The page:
Thursday, June 10, 2021

Reading Into the Past: Week of June 10, 1991

The RNG sent me to one end of my chosen time period (2007) last week, and, this week, it sends me to the other end. It makes me think something is wrong, but it works, for now, so I'll go with it. And so here's what I was reading this week, way back in 1991.

But first, a technical note. I started my notebook at the beginning of December 1990, and kept track of what I read each week (including magazines, listed by total number of pages as if I got points for weight) through the end of September 1991. After that I settled down to a normal, reasonable list of books finished or abandoned by date. So this list is actually "Week Ending 6/15/91," and it gives a picture of how deep I was into how many books that I gave up on not too long afterward.

I also neglected to include author's first names, so I may have to do a little reconstruction.

Marcia Muller, Ask the Cards a Question

This is the second Sharon McCone novel; the first was Edwin of the Iron Shoes, and I'm not sure when I read that. (I did read Muller's The Shape of Dread in early May, and it was newish then, so maybe I read the one I could find and then jumped back to the older ones the Mystery Guild had available.) I liked catching up to this series a lot, and I enjoyed reading along with it for at least the first half of the '90s: I found that it bogged down with a too-large cast, all centering around the law firm (or legal-aid group? something like that) where McCone worked. It eventually turned into too much ongoing soap opera and not enough mystery from this book for me, but the first roughly dozen books were solidly to my taste.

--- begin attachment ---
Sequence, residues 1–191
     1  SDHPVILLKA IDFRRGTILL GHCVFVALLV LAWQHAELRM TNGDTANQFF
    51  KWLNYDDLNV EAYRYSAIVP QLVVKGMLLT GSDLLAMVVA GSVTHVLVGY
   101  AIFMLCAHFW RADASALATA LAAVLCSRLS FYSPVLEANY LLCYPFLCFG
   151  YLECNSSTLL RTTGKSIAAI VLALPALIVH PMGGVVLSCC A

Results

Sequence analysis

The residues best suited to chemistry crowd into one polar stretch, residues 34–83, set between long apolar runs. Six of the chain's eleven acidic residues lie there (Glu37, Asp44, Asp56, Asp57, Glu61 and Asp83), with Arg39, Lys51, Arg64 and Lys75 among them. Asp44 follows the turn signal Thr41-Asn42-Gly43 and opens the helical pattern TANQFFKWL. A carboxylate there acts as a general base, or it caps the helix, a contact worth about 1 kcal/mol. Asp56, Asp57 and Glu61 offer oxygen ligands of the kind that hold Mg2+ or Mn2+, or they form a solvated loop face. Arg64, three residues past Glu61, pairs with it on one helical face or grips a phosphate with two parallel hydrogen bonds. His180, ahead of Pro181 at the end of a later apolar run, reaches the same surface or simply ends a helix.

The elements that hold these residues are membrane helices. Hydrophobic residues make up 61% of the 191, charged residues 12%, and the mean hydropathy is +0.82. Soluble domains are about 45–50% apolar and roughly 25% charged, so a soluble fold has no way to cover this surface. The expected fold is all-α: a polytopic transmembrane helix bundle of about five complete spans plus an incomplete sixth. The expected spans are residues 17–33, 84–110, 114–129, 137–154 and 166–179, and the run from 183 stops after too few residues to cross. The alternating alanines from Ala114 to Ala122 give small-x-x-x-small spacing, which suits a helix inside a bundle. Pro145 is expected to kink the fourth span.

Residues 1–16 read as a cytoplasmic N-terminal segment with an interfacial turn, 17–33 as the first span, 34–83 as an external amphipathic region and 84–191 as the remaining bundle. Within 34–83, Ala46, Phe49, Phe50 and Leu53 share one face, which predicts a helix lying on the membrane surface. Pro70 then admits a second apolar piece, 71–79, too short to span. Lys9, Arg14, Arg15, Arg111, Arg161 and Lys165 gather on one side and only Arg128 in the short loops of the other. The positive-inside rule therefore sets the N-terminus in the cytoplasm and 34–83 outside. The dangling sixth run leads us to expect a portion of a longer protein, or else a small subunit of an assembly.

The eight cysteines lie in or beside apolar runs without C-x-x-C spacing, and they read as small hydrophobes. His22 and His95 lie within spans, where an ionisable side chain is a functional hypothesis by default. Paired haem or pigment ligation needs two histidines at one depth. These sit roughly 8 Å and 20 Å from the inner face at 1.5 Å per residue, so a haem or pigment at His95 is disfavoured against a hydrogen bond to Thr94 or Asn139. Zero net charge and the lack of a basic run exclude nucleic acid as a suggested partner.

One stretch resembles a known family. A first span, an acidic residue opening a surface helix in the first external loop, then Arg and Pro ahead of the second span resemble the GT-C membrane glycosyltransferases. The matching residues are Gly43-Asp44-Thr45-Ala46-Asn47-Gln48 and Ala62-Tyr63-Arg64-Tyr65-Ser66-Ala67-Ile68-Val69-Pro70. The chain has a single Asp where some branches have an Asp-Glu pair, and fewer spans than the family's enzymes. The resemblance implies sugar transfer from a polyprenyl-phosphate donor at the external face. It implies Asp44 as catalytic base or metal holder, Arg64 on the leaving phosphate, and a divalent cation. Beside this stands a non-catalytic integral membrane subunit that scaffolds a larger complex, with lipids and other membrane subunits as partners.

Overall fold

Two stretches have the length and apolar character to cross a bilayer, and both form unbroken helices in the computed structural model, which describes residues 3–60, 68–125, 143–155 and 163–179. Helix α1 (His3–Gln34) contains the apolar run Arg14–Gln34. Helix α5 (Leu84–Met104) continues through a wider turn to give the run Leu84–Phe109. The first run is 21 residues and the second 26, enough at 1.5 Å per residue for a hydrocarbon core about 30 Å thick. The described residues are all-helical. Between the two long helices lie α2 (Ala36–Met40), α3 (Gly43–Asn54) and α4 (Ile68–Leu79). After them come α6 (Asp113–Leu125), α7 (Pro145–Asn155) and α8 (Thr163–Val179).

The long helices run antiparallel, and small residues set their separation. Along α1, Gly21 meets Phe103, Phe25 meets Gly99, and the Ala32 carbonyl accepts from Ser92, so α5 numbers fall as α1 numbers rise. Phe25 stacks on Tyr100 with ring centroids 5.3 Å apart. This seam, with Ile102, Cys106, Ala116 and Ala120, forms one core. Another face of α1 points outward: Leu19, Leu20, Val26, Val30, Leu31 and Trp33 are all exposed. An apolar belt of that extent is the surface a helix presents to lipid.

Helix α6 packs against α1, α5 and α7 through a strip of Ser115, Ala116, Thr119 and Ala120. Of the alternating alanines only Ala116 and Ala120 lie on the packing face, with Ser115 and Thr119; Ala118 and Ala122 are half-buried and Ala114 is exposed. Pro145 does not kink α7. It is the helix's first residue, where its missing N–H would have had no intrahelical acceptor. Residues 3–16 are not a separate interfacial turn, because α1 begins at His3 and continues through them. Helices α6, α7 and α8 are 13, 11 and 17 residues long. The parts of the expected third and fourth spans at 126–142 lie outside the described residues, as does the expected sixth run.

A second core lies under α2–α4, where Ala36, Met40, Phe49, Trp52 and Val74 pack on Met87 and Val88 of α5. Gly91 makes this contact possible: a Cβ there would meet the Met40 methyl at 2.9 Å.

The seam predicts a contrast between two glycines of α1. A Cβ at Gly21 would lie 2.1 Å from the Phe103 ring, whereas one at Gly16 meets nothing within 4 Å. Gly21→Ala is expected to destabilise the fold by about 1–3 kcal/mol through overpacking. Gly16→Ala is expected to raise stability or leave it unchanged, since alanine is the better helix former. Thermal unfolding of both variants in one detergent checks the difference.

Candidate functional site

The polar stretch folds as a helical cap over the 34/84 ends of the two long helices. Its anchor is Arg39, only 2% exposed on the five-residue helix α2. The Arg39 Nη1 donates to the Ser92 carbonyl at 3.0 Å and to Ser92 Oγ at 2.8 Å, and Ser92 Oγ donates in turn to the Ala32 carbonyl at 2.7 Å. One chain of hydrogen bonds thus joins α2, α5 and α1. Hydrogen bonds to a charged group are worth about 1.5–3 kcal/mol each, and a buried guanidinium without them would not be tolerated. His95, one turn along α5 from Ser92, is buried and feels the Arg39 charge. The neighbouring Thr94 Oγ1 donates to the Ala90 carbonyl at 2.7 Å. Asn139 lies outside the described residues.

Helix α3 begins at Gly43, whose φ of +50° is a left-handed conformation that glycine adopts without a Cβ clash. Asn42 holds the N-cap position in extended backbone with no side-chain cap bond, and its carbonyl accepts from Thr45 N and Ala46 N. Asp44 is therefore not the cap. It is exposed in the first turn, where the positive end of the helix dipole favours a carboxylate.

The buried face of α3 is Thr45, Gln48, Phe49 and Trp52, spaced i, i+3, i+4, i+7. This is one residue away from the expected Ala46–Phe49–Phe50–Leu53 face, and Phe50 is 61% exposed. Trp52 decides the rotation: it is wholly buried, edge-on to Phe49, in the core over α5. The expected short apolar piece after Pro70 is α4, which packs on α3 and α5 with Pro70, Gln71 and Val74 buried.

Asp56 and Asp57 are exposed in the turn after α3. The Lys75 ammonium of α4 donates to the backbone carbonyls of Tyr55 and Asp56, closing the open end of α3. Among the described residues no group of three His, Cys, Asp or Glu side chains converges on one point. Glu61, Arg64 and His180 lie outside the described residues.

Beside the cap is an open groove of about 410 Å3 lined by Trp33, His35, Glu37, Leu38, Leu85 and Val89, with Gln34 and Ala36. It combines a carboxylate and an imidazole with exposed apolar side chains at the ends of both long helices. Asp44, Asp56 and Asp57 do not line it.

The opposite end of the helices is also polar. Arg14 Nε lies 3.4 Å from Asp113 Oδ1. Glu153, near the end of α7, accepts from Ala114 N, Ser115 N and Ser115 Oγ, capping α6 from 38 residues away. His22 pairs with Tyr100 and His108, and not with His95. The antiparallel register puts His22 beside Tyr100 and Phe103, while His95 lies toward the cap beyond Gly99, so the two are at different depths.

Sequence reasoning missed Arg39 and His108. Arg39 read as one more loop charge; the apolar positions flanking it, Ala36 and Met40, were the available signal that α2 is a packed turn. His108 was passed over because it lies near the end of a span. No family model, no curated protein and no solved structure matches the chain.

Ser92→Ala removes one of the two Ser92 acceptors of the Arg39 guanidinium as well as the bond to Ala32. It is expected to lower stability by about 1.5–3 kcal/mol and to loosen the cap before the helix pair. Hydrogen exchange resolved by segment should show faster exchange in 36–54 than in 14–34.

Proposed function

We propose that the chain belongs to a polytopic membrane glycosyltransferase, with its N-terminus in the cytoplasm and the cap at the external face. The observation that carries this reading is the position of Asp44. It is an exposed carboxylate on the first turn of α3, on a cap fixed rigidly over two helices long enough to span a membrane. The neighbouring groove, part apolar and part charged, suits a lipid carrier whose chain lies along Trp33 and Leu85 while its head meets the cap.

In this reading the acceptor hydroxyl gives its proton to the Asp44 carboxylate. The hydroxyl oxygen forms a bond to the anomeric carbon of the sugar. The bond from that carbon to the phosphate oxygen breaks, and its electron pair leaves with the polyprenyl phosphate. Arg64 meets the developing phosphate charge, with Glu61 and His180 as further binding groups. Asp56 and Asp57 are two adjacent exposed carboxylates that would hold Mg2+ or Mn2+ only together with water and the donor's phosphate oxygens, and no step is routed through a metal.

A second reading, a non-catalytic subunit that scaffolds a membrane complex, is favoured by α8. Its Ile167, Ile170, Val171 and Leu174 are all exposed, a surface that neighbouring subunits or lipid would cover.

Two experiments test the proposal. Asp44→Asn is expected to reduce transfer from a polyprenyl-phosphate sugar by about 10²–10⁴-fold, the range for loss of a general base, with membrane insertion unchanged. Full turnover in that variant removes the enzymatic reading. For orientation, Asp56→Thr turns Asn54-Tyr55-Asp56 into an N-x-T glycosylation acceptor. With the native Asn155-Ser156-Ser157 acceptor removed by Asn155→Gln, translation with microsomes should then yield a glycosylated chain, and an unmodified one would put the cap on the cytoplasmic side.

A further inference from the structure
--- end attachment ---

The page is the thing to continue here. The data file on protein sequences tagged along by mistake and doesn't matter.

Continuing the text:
I don't seem to have covered any Muller books read at the time on this blog; I apparently gave up on her before 2007. 

Robert Parker, The Widening Gyre

This is the tenth Spenser book, from 1983. I was reading them out of order, since I'd hit Looking for Rachel Wallace (#7, 1980) the same week as the Muller. I did keep reading this series into the Days of the Blog, so you can find a couple of Parker books covered and some other thoughts in my archives. My memory is that this book was early enough that Parker was still writing relatively normal mystery novels, in which his hero actually went places and did things, instead of just standing around talking to Hawk and Susan about how awesome the three of them are, and waiting for the plot to resolve itself around the force of their awesomeness. (I may be exaggerating.)

Sue Grafton, "G" Is For Gumshoe

This was the then-book book in the series, published the year before. I'd also just read the first one ("A" Is For Alibi) during that same early-May week I was reading Muller and Parker. My pattern of binging on mysteries for seven days at a time was already solidly established, and I think I filled in the missing books over the next year or so. In memory, this series started well, got stronger through about this book, and then kept a steady peak to somewhere around M. I've only written anything about the books from S on, and I've been in mostly this-is-OK-but mode for them.

Bill Pronzini, Jackpot

This was the then-new book in the series, but I'd been reading Pronzini for a while at that point. (My mystery tastes were formed by Chandler and ran forward at first entirely in that vein: Ross Macdonald and then a bunch of more derivative male writers of relatively tough male PIs. Working for the book clubs taught me a lot of things, but one of the first things I learned, from then-Mystery Guild editor Maryann Eccles, was that women also wrote mysteries, and many of them were much better at it. You wouldn't think a guy who went to Vassar would need that lesson, but oh well.) I don't remember almost anything about any of the Nameless Detective books, which is probably why I stopped reading them: he felt pretty blank to me, a random PI who liked pulps and had the usual murder cases.

The Pronzini books I do keep coming back to are Gun in Cheek and Son of Gun in Cheek, collections of "differently good" mystery writing - they are wonderful, perfectly chosen and presented by Pronzini as an editor.

Joseph Hansen, Early Graves